Food Day Blog Series: Looking Deeper into the Importance of Food Day

September 21, 2011

Taylor Owen is a guest blogger from Carleton College in Northfield Minnesota and he is also a Campus Coordinator for Food Day. Below is the first post in a blog series leading up to October 24 in which he will be reflecting on his work and the importance of the food movement.

When I first heard about Food Day, my interest was instantly intrigued. As I imagine most people involved in the Real Food Challenge are, I have been concerned more and more with the issues of food. Food Day seemed like a perfect chance for food activists like myself to bring our issue to the center of the campus discourse. It is only fair that food gets its day. If we look at the food systems of our era, the huge problems they face are evidence that giving attention to food only three times a day isn’t enough. Food, as an issue, needs at least a whole 24 hours of serious reflection. I have been trying to make Food Day that critical day for my campus ever since I discovered it.

I will be organizing Food Day at Carleton College where I will invite a diverse group of students, with opinions towards food that range the gamut. I hope to inspire conscientious students to more actively pressure their community to move in the direction of Real Food. I also hope to motivate as many students as possible to take advantage of the Real Food we’re lucky enough to receive on my campus; I hope they do this at the expense of the factory-farmed food, inorganic, unseasonal food shipped from far away - food that exists as the result of unfair labor practices. If I see results on both fronts, and hopefully come away from Food Day well fed, then I will know that Carleton had a successful first Food Day. 

Ever since I heard about Food Day I have been thinking about exactly what I want it to mean for me as well as my campus. My first thought was to replicate the event that brought me into the food movement. It was a potluck put on by the campus food activism group “Food Truth.” I had wanted to show off some ravioli I had made, and it seemed like the perfect venue. I was quickly impressed by the community of dedicated foodies and chefs, people who knew food and what made it taste good. The fact that they cared about the history of their ingredients also attracted me. I had just returned to the US from Italy, and learning to cook in that country’s food culture had, and still has, a great impact on me. Seeing that such a community, one like the friends in Italy who had fostered my food awareness, existed on my campus brought me great joy. It was from these people that I became more aware of the Real Food Challenge and the problems it exists to solve. Initially, this sounded like the ideal food day – what it was meant to be, but as I think about it more, I think this is a bit selfish. Sure, letting likeminded souls know a food activist group does exist for them is noble, but Food Day needs to have a deep impact no single potluck can achieve.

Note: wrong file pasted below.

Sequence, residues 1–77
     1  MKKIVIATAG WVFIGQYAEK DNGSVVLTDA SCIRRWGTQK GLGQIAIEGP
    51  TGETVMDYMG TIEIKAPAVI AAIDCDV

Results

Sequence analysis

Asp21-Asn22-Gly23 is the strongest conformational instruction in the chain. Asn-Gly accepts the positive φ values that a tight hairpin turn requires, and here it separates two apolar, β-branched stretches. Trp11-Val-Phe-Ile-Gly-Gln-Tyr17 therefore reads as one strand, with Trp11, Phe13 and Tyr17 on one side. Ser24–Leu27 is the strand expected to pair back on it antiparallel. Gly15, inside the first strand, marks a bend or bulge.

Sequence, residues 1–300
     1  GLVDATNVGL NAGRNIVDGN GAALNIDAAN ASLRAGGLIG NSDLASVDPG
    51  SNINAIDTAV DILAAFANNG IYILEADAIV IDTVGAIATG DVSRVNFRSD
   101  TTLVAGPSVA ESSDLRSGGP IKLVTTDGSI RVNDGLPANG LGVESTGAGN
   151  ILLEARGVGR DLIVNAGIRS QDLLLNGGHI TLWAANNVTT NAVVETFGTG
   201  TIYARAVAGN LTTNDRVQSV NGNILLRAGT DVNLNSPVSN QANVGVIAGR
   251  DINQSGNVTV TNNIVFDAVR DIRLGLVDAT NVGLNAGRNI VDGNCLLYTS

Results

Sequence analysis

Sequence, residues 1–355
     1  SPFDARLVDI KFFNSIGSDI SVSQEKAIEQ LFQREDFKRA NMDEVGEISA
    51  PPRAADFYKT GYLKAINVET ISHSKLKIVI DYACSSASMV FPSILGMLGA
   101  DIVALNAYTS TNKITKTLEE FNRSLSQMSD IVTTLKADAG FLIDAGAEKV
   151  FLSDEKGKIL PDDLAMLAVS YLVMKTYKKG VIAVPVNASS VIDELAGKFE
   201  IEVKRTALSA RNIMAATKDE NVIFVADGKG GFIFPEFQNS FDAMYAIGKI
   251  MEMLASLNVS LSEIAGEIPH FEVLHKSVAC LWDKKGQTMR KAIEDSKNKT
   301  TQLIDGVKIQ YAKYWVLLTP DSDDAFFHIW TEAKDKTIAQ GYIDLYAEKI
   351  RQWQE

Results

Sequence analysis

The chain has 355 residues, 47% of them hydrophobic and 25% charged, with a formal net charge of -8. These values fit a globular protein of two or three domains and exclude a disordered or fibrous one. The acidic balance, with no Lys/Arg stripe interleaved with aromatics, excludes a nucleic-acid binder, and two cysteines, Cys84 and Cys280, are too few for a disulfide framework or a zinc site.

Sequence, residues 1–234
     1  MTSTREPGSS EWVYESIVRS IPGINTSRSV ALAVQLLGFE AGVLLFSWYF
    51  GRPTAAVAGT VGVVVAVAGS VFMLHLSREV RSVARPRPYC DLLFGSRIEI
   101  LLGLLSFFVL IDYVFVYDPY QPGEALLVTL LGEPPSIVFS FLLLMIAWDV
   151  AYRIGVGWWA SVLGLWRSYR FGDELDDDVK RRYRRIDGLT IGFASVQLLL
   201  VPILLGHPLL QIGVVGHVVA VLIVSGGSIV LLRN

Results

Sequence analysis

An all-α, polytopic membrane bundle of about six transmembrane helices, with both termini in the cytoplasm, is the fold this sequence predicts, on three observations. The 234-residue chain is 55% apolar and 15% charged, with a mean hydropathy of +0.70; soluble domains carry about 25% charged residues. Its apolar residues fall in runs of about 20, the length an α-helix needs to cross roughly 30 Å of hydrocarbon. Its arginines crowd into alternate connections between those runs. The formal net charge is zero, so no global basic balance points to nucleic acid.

Recently I was thinking that food day should focus on why a group like the RFC is so necessary. To go about teaching students about the problems with food and what we can do. The term information came up a lot, but that comes across as so dry. I think it is imperative to share with students, and anyone else who cares to listen, the importance of the RFC’s mission. Still, a day of statistics and an impassioned defense of the existence of the RFC seemed impersonal and too academic. This goal certainly has a place in Food Day, but Food Day is not about the RFC or any organization or single campaign. It is about celebrating real food and celebrating our ideals, not vilifying alternatives.

I next thought that perhaps a celebration of the food activist was in order. RFC is a collection of activists, and I think Food Day must attract more to be considered a success. I thought it would a great treat to us activists to celebrate our achievements while inspiring others to join our effort. We food activists work hard, and we do achieve, and everyday another fruit of our labor ripens. I thought this might be a wise thing to focus on for Food Day. Who doesn’t love a good celebration? I think this is actually a good idea, but Food Day is a celebration of food, and food activists have a lot more work to do before we can give ourselves a day for back patting.

I believe a good Food Day won’t be as reductive as the previous incarnation my head brought forth. While the focus should be as simple as two words, Good Food, how we celebrate our objective of getting all campuses access to Real Food should be multifaceted. A successful Food Day will only be the outcome of hard work, where a dedication to extolling good food, providing good food, and inspiring good activism in even the most cynical of McNugget munchers are all given equal care and attention.